Uber Looking for Drivers in Vancouver (But Don’t Pick Up Any Passengers Yet!)

IMG_2115Have a car and want to make a few extra bucks?

Uber, the ride-for-hire company that’s challenged the traditional taxi industry, has begun posting ads for Vancouver drivers on its website and on the job site Workopolis. “Driving with Uber is a great way to earn cash on your schedule. The more drive, the more you can earn,” the ads boast.

But don’t expect to be pocketing any extra cash anytime soon. Uber still isn’t permitted to operate in Vancouver or British Columbia. The ads are part of a push to gauge interest among drivers and also publicize the benefits of the Uber platform.

Drivers must be at least 21, have a four-door vehicle and a valid driver’s license and insurance. Uber claims that drivers can earn up to $39.60 an hour, after the company takes its 25-percent cut on all fares.

At the same time, Uber has also opened up a “sneak preview” feature for Vancouverites looking for a ride. Users who have downloaded the app can log in and get a mock-up of Uber drivers in their immediate vicinity, with an estimate of wait times.

While these rides can’t actually be booked yet, users are prompted to “make this a reality” and directed to an online campaign. A pre-filled email pops up addressed to Premier Christy Clark and Transportation Minister Todd Stone, with the subject line “Please support Uber in British Columbia.”

IMG_2116All of this is part of a larger promotional blitz on the part of Uber, including radio ads, to ramp up pressure on the B.C. government. In the past, the ride-sharing company has been forcefully rebuffed in its attempts to set up shop in Vancouver. Uber was available briefly here in 2012 before being forced to withdraw by provincial regulators (who imposed a $75 minimum charge on all rides).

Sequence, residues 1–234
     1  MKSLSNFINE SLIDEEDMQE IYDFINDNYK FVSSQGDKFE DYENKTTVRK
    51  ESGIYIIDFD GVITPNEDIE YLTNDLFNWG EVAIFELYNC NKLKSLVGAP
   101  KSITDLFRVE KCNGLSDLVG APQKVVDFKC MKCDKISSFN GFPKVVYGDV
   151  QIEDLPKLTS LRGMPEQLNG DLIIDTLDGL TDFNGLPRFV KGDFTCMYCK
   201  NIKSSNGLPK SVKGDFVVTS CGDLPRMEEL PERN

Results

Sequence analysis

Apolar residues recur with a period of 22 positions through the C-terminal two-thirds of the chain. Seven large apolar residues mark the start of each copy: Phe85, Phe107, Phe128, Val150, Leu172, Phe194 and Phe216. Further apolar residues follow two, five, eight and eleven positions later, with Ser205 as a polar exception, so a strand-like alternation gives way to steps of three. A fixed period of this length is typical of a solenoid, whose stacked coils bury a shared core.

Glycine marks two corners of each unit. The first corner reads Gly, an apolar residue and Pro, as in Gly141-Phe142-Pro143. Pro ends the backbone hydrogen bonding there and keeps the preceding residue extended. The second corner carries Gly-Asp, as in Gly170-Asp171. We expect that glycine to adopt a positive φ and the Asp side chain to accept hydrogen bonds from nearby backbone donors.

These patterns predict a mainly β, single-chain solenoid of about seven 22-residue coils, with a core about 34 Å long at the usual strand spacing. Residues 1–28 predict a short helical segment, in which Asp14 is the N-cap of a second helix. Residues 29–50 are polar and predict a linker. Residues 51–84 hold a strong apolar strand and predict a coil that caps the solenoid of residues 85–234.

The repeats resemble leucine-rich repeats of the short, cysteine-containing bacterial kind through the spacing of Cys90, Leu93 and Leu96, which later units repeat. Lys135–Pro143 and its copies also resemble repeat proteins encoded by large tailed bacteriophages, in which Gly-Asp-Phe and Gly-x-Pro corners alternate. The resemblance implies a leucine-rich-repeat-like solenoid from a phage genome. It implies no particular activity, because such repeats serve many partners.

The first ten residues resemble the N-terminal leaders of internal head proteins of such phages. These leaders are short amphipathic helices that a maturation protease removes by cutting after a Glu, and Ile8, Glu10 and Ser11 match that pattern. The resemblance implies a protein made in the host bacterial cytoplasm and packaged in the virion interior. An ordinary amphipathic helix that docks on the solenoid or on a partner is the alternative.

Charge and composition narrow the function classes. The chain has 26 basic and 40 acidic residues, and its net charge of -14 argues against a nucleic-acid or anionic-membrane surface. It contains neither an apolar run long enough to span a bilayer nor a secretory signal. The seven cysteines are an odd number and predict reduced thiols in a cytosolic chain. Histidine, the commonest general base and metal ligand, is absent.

Subsequent applications to operate were rejected by the city, and, as late as 2014, Minister Stone was promising to send out plainclothes transit agents to track down rogue Uber drivers and saddle them with $5,000 fines.

Screen Shot 2016-04-02 at 8.17.32 AMBut in a dramatic about-face, Stone announced earlier this year that ride-sharing in B.C. may soon be a reality, according to reports in the Vancouver Sun. “… it’s a matter of when, not if, ride-sharing will be prevalent in B.C.,” Stone said. “I think there’s a growing recognition (of) the issues of convenience, of choice, of competition, which British Columbians are increasingly expecting.”

Since then, however, things seem to have reached a standstill. The province remains concerned about safety and insurance issues, as well as the impact on the taxi industry. Regulators have threatened Uber with harsh penalties if the company actually opens up the app to Vancouver users.

Photo credit: Mark Warner | Flickr

Photo credit: Mark Warner | Flickr

At present, Uber is available in 68 countries and in select cities across Canada, including Toronto, Montreal and Edmonton. The company’s smartphone app lets users hail and pay for a ride, at rates often far lower than traditional taxis. Drivers generally use their own cars, require no special qualifications or certifications and typically drive just part-time to earn extra income.

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